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Lincoln concerts selling well as music world returns to 'normal'
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ON THE BEAT

Lincoln concerts selling well as music world returns to 'normal'

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Avett Brothers

The Aug. 10 Avett Brothers/Willie Nelson Pinewood Bowl concert is, essentially, sold out with just a few single tickets remaining. 

Entertainment reporter/columnist

L. Kent Wolgamott, the recipient of the 2018 Mayor’s Arts Award, has written about arts and entertainment for Lincoln newspapers since 1985, reviewing thousands of movies and concerts and hundreds of art exhibitions.

The Aug. 10 Avett Brothers/Willie Nelson Pinewood Bowl concert is essentially sold out, with only single tickets scattered throughout remaining.

That’s no surprise. But it’s further evidence of the pent-up demand for live, in-person shows that will, over the next couple months, start to be met, first in amphitheaters, then inside arenas.

More proof: The June 11 Jamey Johnson concert is expected to sell more than 4,000 tickets in a seated general admission format that, like the regular seated ticketing, puts maximum attendance in the bowl at about 4,700.

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That show was originally slated to be a Lincoln on the Streets event and moved to the Pioneers Park amphitheater because of concerns about COVID-19 restrictions that were lifted after the show was moved.

On a completely different topic, about 5,000 people have reserved free tickets for the American Ballet Theatre’s “Dance Across America” truck performance that will take place just north of Pinewood Bowl on July 1.

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And, of course, Garth Brooks sold 83,600 tickets for his Aug. 14 Memorial Stadium concert, where final attendance numbers could be close to the 90,000 mark.

Other shows that are expected to draw very well at Pinewood and Pinnacle Bank Arena are expected to be announced in upcoming weeks. And club shows at the Bourbon Theatre, the Royal Grove, the Zoo Bar and other venues are ramping back up to speed as well.

Arena and Pinewood Bowl move to mobile ticketing

Those intending to purchase tickets for arena and Pinewood Bowl shows will notice a change in ticketing policy that will eliminate both “hard tickets” and printed versions received by customers.

All ticketing will now be “mobile” -- that is tickets purchased through Ticketmaster will be available online and will be scanned off phones.

“The industry went there, so we kind of went there, too,” arena general manager Tom Lorenz said of the change. "Everybody’s going cashless, online only. It’s the new way of doing ticketing.

Close to 95% of arena and Pinewood Bowl tickets are already sold at ticketmaster.com or on the app.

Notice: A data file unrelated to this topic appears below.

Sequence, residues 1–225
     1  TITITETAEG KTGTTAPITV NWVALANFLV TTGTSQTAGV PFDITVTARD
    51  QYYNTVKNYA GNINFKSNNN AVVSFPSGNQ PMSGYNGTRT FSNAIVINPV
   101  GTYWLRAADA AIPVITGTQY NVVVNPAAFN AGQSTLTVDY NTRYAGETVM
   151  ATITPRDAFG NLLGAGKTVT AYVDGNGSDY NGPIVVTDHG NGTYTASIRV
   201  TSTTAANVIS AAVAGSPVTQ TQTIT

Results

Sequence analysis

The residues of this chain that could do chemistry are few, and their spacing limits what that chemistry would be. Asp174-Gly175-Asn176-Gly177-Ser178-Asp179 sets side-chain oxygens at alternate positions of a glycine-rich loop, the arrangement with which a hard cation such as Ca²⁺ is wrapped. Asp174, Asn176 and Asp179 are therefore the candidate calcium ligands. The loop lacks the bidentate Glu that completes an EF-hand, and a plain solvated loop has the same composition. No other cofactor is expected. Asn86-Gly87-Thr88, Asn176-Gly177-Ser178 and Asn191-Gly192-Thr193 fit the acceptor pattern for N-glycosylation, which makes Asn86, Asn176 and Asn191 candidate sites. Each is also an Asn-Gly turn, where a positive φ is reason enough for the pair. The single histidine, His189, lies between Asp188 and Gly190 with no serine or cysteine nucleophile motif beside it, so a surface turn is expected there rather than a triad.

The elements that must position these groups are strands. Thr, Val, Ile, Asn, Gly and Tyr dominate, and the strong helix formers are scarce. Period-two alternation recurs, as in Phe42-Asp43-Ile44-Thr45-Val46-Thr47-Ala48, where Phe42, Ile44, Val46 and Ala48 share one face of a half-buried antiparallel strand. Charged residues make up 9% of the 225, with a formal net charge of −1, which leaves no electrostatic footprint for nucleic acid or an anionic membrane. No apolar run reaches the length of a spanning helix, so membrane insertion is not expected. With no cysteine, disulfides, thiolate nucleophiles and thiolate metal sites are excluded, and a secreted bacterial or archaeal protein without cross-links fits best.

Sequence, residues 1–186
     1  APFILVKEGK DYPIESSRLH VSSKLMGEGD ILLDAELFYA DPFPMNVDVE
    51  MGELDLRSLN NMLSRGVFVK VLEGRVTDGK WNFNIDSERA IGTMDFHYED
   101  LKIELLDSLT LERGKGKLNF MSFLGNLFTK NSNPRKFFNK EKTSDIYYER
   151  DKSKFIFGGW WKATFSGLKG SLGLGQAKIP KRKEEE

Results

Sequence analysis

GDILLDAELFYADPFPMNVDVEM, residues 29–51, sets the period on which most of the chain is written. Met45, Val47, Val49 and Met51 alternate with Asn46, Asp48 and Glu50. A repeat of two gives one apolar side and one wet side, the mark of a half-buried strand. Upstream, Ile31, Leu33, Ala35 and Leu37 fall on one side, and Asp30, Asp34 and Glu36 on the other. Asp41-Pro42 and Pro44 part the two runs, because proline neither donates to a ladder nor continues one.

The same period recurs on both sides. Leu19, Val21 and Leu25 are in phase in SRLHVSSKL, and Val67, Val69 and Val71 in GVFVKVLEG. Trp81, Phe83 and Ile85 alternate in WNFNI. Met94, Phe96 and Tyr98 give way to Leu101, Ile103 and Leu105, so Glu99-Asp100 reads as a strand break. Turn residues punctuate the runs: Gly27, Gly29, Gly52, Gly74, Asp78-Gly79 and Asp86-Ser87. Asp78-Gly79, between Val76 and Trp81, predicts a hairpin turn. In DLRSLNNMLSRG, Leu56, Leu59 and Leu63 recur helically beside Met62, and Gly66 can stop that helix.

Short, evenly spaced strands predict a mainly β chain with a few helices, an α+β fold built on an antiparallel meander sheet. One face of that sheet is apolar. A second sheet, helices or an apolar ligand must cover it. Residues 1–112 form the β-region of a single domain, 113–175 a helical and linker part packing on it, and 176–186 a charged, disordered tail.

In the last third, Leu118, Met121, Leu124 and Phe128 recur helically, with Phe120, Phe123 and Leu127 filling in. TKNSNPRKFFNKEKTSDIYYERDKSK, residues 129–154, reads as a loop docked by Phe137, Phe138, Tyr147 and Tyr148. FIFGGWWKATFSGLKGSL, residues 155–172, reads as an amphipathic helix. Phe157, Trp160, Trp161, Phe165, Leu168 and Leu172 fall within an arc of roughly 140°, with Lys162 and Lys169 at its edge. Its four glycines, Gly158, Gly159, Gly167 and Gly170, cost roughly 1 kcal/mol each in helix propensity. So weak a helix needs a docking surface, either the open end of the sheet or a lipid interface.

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“In that way, it’s not that big of a change, that would only impact 5% of the customers,” Lorenz said. “The biggest difference is that it’s only on phones. You can’t print out tickets any longer.”

For those who haven’t used the app or online-only ticketing, here’s how it works:

To access mobile tickets -- download the Ticketmaster app or go to ticketmaster.com on your phone, log into your Ticketmaster account and locate the order with your tickets. Tap and show at the event entrance. The phone will be scanned for entry.

The change to ticketless entry should, once customers become accustomed to it, be a plus for all involved.

“It’s convenient for people and it’s tougher for tickets to be scalped,” Lorenz said.

Tickets cannot yet be purchased at the arena ticket office, which has been closed since March 2020. The ticket office is likely to reopen sometime this summer.

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Garth to play KC's Arrowhead Stadium

If you didn’t get tickets for Brooks at Memorial Stadium and you’re willing to drive a few hours, you can try to get in for his Aug. 7 show at Kansas City’s Arrowhead Stadium.

That show, the week before he’s set to appear in Lincoln, was announced earlier this week -- allowing the Lincoln show to sell out before the KC version became public. Tickets go on sale at 10 a.m. Friday.

Reach the writer at 402-473-7244 or kwolgamott@journalstar.com. On Twitter @KentWolgamott  

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Entertainment reporter/columnist

L. Kent Wolgamott, the recipient of the 2018 Mayor’s Arts Award, has written about arts and entertainment for Lincoln newspapers since 1985, reviewing thousands of movies and concerts and hundreds of art exhibitions.

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